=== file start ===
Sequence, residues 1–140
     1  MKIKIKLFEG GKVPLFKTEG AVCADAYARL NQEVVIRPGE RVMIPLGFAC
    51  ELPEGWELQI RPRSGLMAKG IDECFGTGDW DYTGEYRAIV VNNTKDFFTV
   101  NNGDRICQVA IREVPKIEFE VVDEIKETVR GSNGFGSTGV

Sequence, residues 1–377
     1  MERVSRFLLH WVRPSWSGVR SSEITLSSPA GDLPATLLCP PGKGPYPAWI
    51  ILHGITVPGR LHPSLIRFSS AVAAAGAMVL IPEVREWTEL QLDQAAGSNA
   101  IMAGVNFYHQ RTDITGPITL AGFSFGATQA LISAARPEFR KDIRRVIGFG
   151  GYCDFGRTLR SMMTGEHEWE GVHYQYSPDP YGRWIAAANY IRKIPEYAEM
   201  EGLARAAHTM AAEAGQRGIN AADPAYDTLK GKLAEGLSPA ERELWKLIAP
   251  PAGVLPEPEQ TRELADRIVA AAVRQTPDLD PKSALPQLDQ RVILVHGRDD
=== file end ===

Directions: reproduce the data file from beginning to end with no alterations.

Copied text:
Sequence, residues 1–140
     1  MKIKIKLFEG GKVPLFKTEG AVCADAYARL NQEVVIRPGE RVMIPLGFAC
    51  ELPEGWELQI RPRSGLMAKG IDECFGTGDW DYTGEYRAIV VNNTKDFFTV
   101  NNGDRICQVA IREVPKIEFE VVDEIKETVR GSNGFGSTGV

Sequence, residues 1–377
     1  MERVSRFLLH WVRPSWSGVR SSEITLSSPA GDLPATLLCP PGKGPYPAWI
    51  ILHGITVPGR LHPSLIRFSS AVAAAGAMVL IPEVREWTEL QLDQAAGSNA
   101  IMAGVNFYHQ RTDITGPITL AGFSFGATQA LISAARPEFR KDIRRVIGFG
   151  GYCDFGRTLR SMMTGEHEWE GVHYQYSPDP YGRWIAAANY IRKIPEYAEM
   201  EGLARAAHTM AAEAGQRGIN AADPAYDTLK GKLAEGLSPA ERELWKLIAP
   251  PAGVLPEPEQ TRELADRIVA AAVRQTPDLD PKSALPQLDQ RVILVHGRDD